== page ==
But wait, this is not what you really want... grep interprets the first argument as a regular expression pattern, and in this both . and $ have special meanings. If you want to find literal strings instead of searching for regular expressions, you can use fgrep instead. You might have to know about the regular expressions though because you want to do a replace, and probably you will move on to using sed for that, which will expect to search and replace using regular expressions...

You can go an read a regular expression tutorial if you want to know exactly why, but here I will just say that you need to prefix the $ and the . characters with a backslash to make grep treat them like a litern character, and not as a special pattern:
Code:

grep '"\.\$studentname\."\.tablename' input_file
Here's what grep sees...
  • "\.\$studentname\."\.tablename
  • input_file


Here's a handy hint: If you want to check to see what grep would see after quote processing of the shell, just pass that string to the echo command and have a look at the output. e.g:
Code:

% echo '"\.\$studentname\."\.tablename'
"\.\$studentname\."\.tablename


secretlydead 11-30-2007 12:46 AM

thanks, i appreciate the reply... it didn't occur to me to escape the $

what i did was set the variable like so:
myvar2='".$username.".vocablists'

and then ran the command

grep -i $myvar2 ./*


which works well, and paves the way for using sed to replace it

matthewg42 11-30-2007 01:05 AM

Tha works to get the quotes and $ to grep, but you still need to escape them in the regular expression. $ means "end of line" and . means "any character". The . might result in a false positive. GNU grep seems to be smart enough to realise that a $ in the middle of a pattern should be treated as a literal character, but this might not be true in other grep implementations.

To illustrate the false positive problem:
Code:

echo -e "one.two\none8two" |grep 'one.two'
one.two
one8two

You can see that the pattern with the . matches both, and probably should not. You should escape . characters in the RE pattern if you want to detect only a . character:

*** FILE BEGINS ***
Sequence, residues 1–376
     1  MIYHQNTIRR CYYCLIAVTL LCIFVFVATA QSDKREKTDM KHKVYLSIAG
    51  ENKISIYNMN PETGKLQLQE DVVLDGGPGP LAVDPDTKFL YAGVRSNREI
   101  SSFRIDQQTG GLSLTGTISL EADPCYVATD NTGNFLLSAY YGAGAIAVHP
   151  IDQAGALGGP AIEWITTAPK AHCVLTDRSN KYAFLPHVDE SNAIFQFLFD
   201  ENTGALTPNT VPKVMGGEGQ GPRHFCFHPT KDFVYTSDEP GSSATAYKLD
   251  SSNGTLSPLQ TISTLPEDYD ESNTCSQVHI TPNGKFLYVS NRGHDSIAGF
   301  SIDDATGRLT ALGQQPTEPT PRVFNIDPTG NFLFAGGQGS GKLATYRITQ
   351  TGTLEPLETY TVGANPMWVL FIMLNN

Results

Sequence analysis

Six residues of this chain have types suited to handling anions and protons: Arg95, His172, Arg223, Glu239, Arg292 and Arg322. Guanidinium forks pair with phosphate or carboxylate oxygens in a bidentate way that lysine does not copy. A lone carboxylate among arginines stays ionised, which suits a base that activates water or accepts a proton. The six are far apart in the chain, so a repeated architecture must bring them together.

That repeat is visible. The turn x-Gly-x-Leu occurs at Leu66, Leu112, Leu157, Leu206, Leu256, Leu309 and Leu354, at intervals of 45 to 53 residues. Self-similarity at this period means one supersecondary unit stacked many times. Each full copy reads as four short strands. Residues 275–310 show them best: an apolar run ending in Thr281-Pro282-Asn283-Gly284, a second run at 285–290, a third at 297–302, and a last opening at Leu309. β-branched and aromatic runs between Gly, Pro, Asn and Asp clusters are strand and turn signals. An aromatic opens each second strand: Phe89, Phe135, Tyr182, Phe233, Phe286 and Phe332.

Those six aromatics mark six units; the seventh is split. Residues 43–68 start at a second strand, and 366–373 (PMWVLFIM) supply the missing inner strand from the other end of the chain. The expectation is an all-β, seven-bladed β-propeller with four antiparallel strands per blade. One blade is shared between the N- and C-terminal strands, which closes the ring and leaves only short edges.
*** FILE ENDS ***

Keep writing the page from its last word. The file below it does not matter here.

Code:

echo -e "one.two\none8two" |grep 'one\.two'
one.two


secretlydead 11-30-2007 01:48 AM

i see.

but if i grep for '\$username\.'

it still gives me responses like:

$username;
and
$username (that's a space after it)

rhoekstra 11-30-2007 02:07 AM

With compliments to matthewg42, with his very clear explanation on grep.. well done..

As for the solution, you could consider using sed instead of grep.. sed can parse files and do search and replace in them..

consider this:
Code:

sed -i.bak 's/"\.\$studentname\."\.tablename/student."$studentname."tablename/g' <filename>
Now, assuming sed is modern enough, this will issue sed to do an inline search-replace in a file and store a <file>.bak as a back-up.. of course it's up to the user (you) if you want to use this way of editing... Could be tricky, but I happily use it most cases.

matthewg42 11-30-2007 03:49 AM

Quote:

Originally Posted by secretlydead (Post 2975310)
i see.

but if i grep for '\$username\.'

it still gives me responses like:

$username;
and
$username (that's a space after it)

Not for me:
Code:

% cat testfile
$username.
Note that the following line has a space at the end:
$username
$username_

% grep '\$username.' testfile
$username.
$username
$username_

% grep '\$username\.' testfile
$username.